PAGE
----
Dan Chenok is Executive Director of the IBM Center for The Business of Government. He oversees all of the Center's activities in connecting research to practice to benefit government, and has written and spoken extensively around government technology, cybersecurity, privacy, regulation, budget, acquisition, and Presidential transitions. Mr. Chenok previously led consulting services for Public Sector Technology Strategy, working with IBM government, healthcare, and education clients. Mr. Chenok serves in numerous industry leadership positions. He is a CIO SAGE and member of the Research Advisory Council with the Partnership for Public Service, Fellow of the National Academy of Public Administration, Member of the Board of Directors for the Senior Executives Association, Member of the Government Accountability Office Polaris Advisory Council for Science and Technology, Member of the American University IT Executive Council, and Mentor with the Global Policy, Diplomacy, and Sustainability Fellowship. Previously, he served as Chair of the Industry Advisory Council (IAC) for the government-led American Council for Technology (ACT), Chair of the Cyber Subcommittee of the DHS Data Privacy and Integrity Advisory Committee, Chair of the NIST-sponsored Federal Information Security and Privacy Advisory Board, and two-time Cybersecurity commission member with the Center for Strategic and International Studies. Mr. Chenok also generally advises public sector leaders on a wide range of management issues. Finally, Mr. Chenok serves as an Adjunct Associate Professor with the LBJ School of Public Affairs at the University of Texas in Austin, teaching at the school's Washington, DC Center. Before joining IBM, Mr. Chenok was a Senior Vice President for Civilian Operations with Pragmatics, and prior to that was a Vice President for Business Solutions and Offerings with SRA International. As a career Government executive, Mr. Chenok served as Branch Chief for Information Policy and Technology with the Office of Management and Budget, where he led a staff with oversight of federal information and IT policy, including electronic government, computer security, privacy and IT budgeting. Prior to that, he served as Assistant Branch Chief and Desk Officer for Education, Labor, HHS, and related agencies in OMB's Office of Information and Regulatory Affairs. Mr. Chenok began his government service as an analyst with the Congressional Office of Technology Assessment, and left government service at the end of 2003. In 2008, Mr. Chenok served on President Barack Obama’s transition team as the Government lead for the Technology, Innovation, and Government Reform group, and as a member of the OMB Agency Review Team. Mr. Chenok has won numerous honors and awards, including a 2010 Federal 100 winner for his work on the presidential transition, the 2016 Eagle Award for Industry Executive of the Year, and the 2002 Federal CIO Council Azimuth Award for Government Executive of the Year. Mr. Chenok earned a BA from Columbia University and a Master of Public Policy degree from Harvard's Kennedy School of Government.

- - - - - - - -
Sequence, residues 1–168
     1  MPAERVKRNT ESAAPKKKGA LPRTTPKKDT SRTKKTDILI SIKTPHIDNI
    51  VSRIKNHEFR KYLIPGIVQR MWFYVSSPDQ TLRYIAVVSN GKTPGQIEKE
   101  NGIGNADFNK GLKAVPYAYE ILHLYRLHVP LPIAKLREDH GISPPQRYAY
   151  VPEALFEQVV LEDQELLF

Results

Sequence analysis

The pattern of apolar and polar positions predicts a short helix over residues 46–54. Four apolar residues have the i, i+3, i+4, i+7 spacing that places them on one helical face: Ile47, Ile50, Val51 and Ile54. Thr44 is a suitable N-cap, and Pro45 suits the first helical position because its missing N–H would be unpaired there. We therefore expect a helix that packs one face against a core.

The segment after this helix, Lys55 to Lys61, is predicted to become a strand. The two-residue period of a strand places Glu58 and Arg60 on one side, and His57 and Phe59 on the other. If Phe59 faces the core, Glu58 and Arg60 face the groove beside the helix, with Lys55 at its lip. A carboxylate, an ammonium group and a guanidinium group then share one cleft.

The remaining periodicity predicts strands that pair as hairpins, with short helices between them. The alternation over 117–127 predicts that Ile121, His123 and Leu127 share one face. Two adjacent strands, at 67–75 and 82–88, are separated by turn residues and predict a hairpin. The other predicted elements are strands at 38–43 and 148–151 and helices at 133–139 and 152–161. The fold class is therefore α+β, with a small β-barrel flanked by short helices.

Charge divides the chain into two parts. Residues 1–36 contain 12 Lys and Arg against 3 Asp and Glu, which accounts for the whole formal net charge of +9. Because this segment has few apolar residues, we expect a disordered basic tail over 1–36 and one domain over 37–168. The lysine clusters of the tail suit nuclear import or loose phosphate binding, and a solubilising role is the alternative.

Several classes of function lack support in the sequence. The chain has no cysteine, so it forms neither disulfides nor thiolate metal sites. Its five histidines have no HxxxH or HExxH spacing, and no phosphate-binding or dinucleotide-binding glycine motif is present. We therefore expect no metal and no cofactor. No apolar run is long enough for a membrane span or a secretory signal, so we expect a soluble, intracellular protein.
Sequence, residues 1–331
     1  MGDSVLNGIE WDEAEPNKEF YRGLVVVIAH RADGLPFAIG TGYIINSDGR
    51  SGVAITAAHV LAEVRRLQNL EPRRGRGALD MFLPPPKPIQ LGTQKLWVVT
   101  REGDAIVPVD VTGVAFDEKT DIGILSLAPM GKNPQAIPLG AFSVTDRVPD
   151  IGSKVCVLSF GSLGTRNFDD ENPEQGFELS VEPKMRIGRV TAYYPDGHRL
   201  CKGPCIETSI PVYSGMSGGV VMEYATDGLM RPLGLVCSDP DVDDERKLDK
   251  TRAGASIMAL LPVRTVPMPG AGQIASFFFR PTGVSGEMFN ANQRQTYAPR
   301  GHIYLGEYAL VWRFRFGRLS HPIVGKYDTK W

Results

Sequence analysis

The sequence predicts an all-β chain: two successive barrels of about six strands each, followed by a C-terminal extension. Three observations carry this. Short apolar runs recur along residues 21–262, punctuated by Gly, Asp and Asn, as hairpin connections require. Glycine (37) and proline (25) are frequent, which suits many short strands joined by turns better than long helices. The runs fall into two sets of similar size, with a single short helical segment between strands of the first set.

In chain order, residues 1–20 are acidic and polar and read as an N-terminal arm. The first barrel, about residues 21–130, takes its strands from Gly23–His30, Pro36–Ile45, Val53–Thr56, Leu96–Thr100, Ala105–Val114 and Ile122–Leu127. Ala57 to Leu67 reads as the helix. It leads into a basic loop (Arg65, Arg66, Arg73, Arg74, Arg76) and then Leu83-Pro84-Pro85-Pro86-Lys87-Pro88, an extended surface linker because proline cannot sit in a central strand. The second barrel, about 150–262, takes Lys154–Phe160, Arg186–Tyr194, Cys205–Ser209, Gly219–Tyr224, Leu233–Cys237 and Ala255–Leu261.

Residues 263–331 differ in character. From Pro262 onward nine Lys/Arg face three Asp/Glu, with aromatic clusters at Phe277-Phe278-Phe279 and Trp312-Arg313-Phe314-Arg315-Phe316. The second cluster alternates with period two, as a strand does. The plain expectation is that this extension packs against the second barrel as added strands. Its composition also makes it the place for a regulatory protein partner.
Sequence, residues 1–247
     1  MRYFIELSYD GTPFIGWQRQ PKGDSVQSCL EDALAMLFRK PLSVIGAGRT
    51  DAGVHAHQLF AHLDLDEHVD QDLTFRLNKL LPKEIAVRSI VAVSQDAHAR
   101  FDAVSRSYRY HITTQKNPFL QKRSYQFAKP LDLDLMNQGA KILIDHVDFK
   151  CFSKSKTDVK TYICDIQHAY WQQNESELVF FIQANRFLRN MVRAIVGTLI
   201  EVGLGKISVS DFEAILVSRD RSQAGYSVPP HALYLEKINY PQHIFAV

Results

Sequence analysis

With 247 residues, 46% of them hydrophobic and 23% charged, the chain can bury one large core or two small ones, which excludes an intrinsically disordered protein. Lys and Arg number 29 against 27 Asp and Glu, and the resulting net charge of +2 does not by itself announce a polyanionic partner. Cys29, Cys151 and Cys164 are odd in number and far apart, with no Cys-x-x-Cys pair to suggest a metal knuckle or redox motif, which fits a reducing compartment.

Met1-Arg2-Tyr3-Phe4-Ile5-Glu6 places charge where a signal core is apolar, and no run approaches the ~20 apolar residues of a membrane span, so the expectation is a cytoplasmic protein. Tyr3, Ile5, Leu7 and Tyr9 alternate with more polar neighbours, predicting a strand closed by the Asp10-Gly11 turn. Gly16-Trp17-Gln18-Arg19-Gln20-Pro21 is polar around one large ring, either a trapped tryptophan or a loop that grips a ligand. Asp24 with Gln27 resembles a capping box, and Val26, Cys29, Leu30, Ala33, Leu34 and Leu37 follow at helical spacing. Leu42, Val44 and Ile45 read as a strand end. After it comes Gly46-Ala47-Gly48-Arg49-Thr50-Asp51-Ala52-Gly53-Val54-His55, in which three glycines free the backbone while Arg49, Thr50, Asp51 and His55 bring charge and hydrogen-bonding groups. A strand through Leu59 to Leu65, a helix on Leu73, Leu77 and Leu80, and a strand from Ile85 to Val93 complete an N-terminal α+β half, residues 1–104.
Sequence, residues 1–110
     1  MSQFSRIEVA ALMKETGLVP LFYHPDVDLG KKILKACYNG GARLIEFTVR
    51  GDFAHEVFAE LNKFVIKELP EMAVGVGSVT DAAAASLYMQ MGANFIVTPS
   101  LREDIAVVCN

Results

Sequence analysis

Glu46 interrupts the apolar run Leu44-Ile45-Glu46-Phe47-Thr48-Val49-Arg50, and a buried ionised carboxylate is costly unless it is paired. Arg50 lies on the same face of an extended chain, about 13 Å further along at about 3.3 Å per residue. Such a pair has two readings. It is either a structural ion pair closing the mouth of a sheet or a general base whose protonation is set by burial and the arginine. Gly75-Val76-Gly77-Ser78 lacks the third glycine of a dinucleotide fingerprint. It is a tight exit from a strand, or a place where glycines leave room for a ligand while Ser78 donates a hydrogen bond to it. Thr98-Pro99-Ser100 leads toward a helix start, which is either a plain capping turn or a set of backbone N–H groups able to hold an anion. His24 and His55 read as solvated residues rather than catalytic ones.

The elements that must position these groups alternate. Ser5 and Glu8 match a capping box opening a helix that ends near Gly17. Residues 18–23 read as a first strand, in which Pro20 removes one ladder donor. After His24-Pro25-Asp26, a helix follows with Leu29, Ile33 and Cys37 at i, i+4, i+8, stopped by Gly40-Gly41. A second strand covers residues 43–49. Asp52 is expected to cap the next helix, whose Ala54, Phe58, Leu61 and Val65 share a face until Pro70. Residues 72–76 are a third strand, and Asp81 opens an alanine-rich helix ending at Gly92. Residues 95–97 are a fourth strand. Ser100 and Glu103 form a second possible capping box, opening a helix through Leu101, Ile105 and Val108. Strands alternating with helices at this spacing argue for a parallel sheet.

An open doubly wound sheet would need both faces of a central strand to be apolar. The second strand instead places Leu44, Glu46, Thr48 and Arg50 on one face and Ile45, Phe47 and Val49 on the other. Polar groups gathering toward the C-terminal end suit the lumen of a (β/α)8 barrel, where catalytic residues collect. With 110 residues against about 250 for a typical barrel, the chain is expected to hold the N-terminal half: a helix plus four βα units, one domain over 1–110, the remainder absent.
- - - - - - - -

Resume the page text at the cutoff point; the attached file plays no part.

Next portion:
Dan Chenok